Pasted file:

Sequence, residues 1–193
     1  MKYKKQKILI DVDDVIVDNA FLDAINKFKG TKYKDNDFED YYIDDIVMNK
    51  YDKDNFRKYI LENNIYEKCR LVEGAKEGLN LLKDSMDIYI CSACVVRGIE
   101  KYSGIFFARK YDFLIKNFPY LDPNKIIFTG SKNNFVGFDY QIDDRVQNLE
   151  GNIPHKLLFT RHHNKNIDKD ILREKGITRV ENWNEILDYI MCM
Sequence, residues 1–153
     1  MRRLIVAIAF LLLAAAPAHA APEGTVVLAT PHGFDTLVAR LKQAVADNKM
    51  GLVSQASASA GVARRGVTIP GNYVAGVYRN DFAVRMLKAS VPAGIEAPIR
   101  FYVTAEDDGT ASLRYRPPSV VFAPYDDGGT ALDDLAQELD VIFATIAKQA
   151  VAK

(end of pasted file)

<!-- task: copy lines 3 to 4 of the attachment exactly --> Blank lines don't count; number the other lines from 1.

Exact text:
    51  YDKDNFRKYI LENNIYEKCR LVEGAKEGLN LLKDSMDIYI CSACVVRGIE
   101  KYSGIFFARK YDFLIKNFPY LDPNKIIFTG SKNNFVGFDY QIDDRVQNLE